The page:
The Hobbit Questions and Answers
by J. R. R. Tolkien

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What are some important symbols in The Hobbit?

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sean475 eNotes educator | Certified Educator

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J.R.R. Tolkien's The Hobbit is a story about growing up, known in the literary world as a bildungsroman, despite the fact that its main character, Bilbo, is not a child or young adult when the book begins. Instead, it is the narrative structure of the book and its young adult genre that makes The Hobbit a classic example of a bildungsroman.

In light of this, it becomes much easier to see many of the symbols that are present in the book.

The Shire is a symbol of safety, home, and childhood. Bilbo is comfortable there and has little to no responsibilities; life is very easy. However, he gets pulled away from it by other forces and thrust into the rest of the world, which can be a symbol for adulthood.

The Ring, which Bilbo stumbles upon during his adventures, is a symbol for power. While this symbol gets expanded in the Lord of the Rings trilogy, it is still present...

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''The Hobbit'' may be seen to an extent, as the fist proper creative/imaginative manifestation of expression of  Tolkien's literary and academic powers.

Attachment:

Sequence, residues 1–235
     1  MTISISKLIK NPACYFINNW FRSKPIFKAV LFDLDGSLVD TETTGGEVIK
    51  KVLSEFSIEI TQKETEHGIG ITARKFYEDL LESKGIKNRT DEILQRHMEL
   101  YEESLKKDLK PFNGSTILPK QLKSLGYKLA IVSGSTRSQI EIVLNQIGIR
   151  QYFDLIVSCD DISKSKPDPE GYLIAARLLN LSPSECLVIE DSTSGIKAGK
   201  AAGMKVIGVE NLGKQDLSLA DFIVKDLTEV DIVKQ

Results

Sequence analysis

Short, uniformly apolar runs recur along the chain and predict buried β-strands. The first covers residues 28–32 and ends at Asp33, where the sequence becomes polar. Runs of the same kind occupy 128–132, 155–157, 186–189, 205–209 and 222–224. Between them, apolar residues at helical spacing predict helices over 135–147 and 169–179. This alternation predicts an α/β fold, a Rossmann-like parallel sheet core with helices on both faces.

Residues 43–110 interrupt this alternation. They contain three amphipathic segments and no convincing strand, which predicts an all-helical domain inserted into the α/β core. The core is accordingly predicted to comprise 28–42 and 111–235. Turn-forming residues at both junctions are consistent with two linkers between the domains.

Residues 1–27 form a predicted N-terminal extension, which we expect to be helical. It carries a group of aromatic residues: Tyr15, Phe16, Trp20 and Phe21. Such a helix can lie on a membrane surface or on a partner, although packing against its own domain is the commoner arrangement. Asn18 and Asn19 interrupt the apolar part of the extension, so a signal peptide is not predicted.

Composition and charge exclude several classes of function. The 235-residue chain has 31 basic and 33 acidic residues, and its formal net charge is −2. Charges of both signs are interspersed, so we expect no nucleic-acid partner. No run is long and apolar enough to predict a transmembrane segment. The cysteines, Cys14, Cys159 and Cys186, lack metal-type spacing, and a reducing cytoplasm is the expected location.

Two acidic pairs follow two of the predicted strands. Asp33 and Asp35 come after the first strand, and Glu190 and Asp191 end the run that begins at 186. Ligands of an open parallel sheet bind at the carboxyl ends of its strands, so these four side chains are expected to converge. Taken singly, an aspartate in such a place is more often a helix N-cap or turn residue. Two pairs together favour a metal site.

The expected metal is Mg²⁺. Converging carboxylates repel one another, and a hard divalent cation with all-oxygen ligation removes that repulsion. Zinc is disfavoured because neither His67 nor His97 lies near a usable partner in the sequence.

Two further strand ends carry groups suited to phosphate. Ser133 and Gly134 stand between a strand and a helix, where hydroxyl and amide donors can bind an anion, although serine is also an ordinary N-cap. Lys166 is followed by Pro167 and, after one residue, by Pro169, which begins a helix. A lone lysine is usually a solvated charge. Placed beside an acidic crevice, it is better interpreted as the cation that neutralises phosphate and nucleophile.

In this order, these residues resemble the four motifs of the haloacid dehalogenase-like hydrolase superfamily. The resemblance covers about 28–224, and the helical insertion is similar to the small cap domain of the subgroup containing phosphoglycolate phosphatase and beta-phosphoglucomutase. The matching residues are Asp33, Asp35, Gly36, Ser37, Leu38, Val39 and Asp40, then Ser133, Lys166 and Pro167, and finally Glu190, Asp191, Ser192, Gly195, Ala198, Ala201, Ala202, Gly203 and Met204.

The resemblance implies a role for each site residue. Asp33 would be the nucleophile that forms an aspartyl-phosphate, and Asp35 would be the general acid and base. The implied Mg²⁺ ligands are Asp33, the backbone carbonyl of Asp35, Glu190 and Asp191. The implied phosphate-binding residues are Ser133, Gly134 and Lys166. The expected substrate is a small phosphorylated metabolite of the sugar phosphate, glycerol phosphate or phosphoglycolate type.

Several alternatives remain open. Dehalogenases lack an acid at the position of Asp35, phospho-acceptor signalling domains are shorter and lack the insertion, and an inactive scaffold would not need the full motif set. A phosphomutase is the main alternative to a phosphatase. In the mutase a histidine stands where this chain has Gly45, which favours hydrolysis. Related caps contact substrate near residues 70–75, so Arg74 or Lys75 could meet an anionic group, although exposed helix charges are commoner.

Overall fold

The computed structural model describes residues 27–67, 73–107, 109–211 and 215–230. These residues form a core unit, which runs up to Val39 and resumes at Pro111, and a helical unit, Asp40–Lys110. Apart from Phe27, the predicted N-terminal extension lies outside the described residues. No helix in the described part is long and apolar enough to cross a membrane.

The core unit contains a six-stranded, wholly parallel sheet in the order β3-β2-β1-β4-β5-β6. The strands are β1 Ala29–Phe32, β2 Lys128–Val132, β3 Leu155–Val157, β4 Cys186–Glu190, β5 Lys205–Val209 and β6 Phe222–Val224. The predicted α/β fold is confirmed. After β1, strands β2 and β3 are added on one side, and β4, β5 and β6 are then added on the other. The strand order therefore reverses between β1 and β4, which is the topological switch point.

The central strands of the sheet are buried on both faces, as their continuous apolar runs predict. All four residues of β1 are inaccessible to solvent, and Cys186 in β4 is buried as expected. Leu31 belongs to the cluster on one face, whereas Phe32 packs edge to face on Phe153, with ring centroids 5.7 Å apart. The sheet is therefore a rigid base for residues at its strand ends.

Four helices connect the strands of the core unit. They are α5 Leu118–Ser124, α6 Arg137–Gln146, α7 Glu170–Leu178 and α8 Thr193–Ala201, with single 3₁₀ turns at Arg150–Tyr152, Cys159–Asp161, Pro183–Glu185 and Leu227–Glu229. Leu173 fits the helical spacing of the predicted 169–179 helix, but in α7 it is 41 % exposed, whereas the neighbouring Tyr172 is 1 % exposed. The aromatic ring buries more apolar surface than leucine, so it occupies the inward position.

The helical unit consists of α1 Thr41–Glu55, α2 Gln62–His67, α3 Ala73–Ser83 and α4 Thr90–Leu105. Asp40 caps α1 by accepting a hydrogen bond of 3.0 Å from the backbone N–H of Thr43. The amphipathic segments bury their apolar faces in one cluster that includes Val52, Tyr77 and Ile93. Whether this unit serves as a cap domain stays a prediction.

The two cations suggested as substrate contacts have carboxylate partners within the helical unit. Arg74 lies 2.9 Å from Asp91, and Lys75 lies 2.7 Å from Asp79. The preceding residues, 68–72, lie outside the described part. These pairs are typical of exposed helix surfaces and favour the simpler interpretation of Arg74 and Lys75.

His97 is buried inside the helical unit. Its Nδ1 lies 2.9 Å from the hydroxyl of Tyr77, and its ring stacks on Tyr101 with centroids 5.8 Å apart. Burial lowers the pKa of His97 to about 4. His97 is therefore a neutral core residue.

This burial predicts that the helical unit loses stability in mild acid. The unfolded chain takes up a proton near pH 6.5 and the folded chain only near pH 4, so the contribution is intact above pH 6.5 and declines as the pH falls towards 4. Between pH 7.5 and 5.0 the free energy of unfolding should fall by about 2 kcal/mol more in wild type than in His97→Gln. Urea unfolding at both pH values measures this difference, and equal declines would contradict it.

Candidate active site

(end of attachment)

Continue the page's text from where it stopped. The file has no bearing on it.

Tolkien 'used' many background source materials for writing this book, and he himself acknowledged the influence of ''Beowulf'' (old English epic) and old, traditional childhood nuresery rhyme and fairy tales and such sources, also.

For example, some of the major symbols that we see among others, include

* Group of people setting out on a journey or adventure together, a bsic theme or symbol in childrens literature and many old adventure tales or ''gestes''.

* An evil and cunning dragon in a mysterious, mazelike lair (Beowulf type confrontation of evil and fearsome creature in a place of magic and strangeness)

* Stealing of treasure from the dragon, especially a cup or chalice (like Grail legend or fairy tales ) and then fighting and defeating, both like Beowulf and St George (patron saint of England)

* Light/Brightness (outside) and Darkness/Murkiness (inside the lair and undergound where goblins and other evil things etc live)

and so on.

A thorough and detailed textual reading will also yield many similar examples of symbolism borrowed or adapted from some of the old and ancient literary sources of the world.